If both liability and no-fault coverages are implicated in an automobile bodily injury claim with a Medicare beneficiary, the first steps to conditional payment compliance include ensuring that the respective contractors are properly notified and that conditional payment information is requested, obtained, and analyzed from each contractor: the Benefits Coordination & Recovery Center (BCRC) for the liability claim and the Commercial Repayment Center (CRC) for the no-fault claim.

Typically, when ongoing responsibility to pay for medicals is assumed by an insurer, the no-fault coverage is first in line to be recovered against after evaluating the specific laws and regulations of a particular jurisdiction. In most instances with no-fault claims, Medicare will be put on notice by Ongoing Responsibility for Medicals (ORM) reporting pursuant to federal reporting requirements.vii

In instances of overlapping liability and no-fault coverage, Medicare will likely establish a recovery case against the no-fault claim before the liability claim. The CRC process attempts to establish a recovery claim following the federal reporting of assumption of ORM and transmit a Conditional Payment Notification (CPN) to the insurer.

FIGURE 2 – Medicare Conditional Payments with Concurrent Coverages

Medicare Conditional Payments

As depicted in Figure 2 (above), the Medicare conditional payment process is elaborate and complex. Due to the many moving components, different scenarios can arise that may require different approaches in claims handling. For instance, a liability claim settles before no-fault coverage is exhausted, and there are no conditional payments that have accrued on the BCRC’s liability MSP recovery case. No matter what the procedural scenario is, however, once conditional payment information is obtained for both coverage case types, a detailed analysis of contended Medicare charges should be completed. Where applicable, one should evaluate initiating a dispute with the respective contractor to mitigate MSP exposure and reduce costs. All efforts should be made to resolve, reimburse (when applicable), and close recovery claims with the respective contractor.

Compliance: Remember the Basics

The following best practices should be considered when implementing a process to ensure that appropriate steps are taken with respect to Medicare conditional payment compliance (in automobile BI claims where no-fault and liability insurance coverages are implicated):

  • Don’t forget the basics: recovery claims with multiple contractors can become confusing, but don’t neglect to identify, analyze, mitigate/dispute, and reimburse/resolve conditional payments.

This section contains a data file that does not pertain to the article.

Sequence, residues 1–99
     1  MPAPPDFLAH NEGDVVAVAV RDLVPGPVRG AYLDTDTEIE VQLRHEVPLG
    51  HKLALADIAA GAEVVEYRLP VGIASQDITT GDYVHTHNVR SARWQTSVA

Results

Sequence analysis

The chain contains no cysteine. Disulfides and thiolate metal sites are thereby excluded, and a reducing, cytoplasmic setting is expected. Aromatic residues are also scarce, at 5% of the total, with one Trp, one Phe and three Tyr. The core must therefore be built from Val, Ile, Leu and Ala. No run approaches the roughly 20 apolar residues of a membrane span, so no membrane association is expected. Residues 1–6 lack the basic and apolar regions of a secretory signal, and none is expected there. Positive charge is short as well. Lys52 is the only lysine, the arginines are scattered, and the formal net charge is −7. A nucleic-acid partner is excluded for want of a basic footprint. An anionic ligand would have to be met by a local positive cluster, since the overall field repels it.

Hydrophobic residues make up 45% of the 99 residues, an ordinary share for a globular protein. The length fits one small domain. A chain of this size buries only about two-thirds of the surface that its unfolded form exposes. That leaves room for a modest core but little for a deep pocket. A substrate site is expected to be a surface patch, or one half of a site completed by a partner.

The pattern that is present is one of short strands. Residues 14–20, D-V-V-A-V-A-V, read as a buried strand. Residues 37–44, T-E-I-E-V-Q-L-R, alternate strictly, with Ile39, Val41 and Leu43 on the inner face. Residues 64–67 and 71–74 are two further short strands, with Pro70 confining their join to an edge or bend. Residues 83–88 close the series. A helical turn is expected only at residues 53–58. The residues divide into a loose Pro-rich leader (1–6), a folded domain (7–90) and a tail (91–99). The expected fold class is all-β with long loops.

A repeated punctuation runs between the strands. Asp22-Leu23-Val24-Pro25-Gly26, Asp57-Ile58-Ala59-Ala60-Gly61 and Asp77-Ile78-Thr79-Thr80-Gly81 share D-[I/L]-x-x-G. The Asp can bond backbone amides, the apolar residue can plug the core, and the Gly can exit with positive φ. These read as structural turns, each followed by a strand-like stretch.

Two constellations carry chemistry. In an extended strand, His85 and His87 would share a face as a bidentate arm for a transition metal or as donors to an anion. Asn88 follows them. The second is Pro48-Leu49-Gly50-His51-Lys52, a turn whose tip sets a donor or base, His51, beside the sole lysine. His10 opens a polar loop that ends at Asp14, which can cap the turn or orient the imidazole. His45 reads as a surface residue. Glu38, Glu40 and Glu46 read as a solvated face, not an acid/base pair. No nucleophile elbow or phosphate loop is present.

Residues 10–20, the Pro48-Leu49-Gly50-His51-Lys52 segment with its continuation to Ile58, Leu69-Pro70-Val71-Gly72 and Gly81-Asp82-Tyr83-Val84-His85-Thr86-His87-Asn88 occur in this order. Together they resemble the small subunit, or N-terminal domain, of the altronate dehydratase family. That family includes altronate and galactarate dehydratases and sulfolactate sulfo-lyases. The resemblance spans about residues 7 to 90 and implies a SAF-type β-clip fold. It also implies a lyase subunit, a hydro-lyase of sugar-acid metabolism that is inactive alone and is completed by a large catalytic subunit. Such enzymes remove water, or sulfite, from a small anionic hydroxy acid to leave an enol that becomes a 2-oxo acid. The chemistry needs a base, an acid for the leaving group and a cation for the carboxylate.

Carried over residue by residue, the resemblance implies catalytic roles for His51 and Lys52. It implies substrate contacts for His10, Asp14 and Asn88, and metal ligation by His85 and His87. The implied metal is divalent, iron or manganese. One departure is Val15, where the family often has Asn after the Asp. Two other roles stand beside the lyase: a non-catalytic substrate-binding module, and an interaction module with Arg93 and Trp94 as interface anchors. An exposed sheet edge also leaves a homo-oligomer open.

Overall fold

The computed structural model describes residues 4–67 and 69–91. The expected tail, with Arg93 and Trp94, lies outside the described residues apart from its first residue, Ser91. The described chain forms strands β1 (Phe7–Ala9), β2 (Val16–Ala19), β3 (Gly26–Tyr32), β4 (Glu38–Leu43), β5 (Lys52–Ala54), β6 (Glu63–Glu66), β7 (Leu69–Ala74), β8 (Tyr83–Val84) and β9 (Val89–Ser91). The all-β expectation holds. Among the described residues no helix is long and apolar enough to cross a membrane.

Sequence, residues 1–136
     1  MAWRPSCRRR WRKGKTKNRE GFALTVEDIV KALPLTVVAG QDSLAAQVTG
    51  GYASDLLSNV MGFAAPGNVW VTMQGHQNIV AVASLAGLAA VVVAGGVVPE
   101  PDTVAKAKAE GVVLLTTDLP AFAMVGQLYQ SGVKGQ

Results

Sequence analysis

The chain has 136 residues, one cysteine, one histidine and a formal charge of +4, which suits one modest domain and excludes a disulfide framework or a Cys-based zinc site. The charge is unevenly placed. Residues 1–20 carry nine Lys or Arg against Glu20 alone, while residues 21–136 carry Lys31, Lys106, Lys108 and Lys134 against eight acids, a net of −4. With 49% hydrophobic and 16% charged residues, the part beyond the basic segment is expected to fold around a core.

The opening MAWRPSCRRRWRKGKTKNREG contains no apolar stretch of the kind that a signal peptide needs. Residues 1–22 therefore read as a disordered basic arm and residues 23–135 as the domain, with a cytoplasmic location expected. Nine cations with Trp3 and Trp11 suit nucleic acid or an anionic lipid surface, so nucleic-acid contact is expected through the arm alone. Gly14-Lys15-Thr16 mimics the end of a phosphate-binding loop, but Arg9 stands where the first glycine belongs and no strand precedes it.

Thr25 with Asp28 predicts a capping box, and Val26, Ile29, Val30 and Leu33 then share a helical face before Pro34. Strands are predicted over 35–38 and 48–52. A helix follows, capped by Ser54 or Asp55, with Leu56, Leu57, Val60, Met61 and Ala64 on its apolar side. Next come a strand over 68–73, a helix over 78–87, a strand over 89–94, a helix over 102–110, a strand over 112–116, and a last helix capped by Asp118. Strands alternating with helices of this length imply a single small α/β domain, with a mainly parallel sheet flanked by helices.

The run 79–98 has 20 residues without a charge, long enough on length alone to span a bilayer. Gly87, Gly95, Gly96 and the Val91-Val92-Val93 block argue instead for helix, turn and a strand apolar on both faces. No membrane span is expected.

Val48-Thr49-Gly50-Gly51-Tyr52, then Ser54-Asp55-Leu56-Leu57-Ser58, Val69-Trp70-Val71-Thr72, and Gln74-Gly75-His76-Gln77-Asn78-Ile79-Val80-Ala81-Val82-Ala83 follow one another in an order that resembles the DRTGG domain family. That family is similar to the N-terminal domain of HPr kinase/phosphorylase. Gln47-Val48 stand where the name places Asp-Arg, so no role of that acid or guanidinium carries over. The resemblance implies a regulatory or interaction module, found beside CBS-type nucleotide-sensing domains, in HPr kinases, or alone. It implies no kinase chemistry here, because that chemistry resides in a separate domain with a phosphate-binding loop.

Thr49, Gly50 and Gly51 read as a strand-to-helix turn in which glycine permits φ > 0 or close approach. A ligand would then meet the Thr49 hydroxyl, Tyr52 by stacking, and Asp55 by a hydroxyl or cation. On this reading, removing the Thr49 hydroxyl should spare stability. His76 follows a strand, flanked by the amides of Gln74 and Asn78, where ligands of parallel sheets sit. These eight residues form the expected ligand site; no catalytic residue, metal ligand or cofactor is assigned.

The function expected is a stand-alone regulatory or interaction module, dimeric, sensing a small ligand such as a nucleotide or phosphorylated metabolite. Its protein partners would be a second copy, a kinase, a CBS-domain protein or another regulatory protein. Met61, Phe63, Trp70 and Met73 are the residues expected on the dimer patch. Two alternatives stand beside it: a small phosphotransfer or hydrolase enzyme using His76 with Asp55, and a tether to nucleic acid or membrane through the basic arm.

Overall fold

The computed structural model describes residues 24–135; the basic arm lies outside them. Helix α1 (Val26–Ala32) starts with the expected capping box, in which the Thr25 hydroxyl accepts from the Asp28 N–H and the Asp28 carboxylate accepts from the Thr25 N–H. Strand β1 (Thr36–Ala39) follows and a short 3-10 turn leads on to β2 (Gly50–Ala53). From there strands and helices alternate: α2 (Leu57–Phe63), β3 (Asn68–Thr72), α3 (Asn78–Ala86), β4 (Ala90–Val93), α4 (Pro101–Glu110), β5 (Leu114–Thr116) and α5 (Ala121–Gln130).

• If there’s available no-fault coverage with a Medicare beneficiary, take proactive steps to ascertain information about conditional payments.
  • With an overlapping liability claim, ensure the no-fault MSP recovery case is established sooner rather than later.
  • If there are two MSP recovery claims (one for no-fault and one for liability) and conditional payment claims have accrued against the liability claim only, consider evaluating if both claims can be transferred to the no-fault claim, depending on the potential exposure and procedural posture.
  • Communicate and coordinate with the pro se claimant or the attorney and insurers for both no-fault and liability coverages.
  • Evaluate all applicable law, including ensuring prompt Section 111 reporting for no-fault claims; the act of reporting ORM will trigger the conditional payment process with the CRC.
  • Ensure that any liability settlement agreement also contains clear provisions for responsibilities surrounding conditional payment issues.
  • Treat instances of concurrent coverage and MSP recovery claims case by case—weighing all factors, facts, and circumstances, including potential risk and exposure.
  • Consult with an expert if the proper course of action is in question for resolving conditional payment issues.

Medicare conditional payment compliance in automobile bodily injury claims with multiple concurrent coverages is often challenging and burdensome. Yet risk and exposure can be greatly reduced or even eliminated through more accurate identification, analysis, and mitigation. To ensure proper coordination, pay close attention to the procedural posture of each recovery case with the applicable contactor relative to its respective insurance type.

When navigating the two C’s of claims and compliance for Medicare beneficiaries, analytics can be a highly useful instrument, not unlike a mariner’s sextant. When handled with a clear eye and steady hand, the results can often help point a route away from greater perils and toward safer shores.

v See 42 U.S.C. 1395y(b)(2)(B)(ii). This responsibility can be generally evidenced by a settlement, judgment, award, or other payment. In no-fault and first-party claims this responsibility can also be evidenced by the insurer’s assumption of ongoing responsibility of medicals.
vi As of October 5, 2015, the Commercial Repayment Center (CRC) administers recovery in no-fault and workers' compensation claims, while the Benefits Coordination & Recovery Center (BCRC) oversees recovery in liability claims.

vii “Section 111 of the Medicare, Medicaid, and SCHIP Extension Act of 2007 (MMSEA) added mandatory reporting requirements with respect to Medicare beneficiaries who have coverage under group health plan (GHP) arrangements as well as for Medicare beneficiaries who receive settlements, judgments, awards or other payment from liability insurance (including self-insurance), no-fault insurance, or workers' compensation, collectively referred to as non-group health plan (NGHP) or NGHP insurance.”

Carrie BarrShawn Deane

Carrie Barr is senior vice president and chief operating officer at ISO Claims Partners, a Verisk Analytics (Nasdaq:VRSK) business and a leading national provider of services that assist insurers, third-party administrators, and self-insureds with requirements related to Medicare compliance and improving claims outcomes. Shawn Deane, Esq., is assistant vice president of product development at ISO Claims Partners.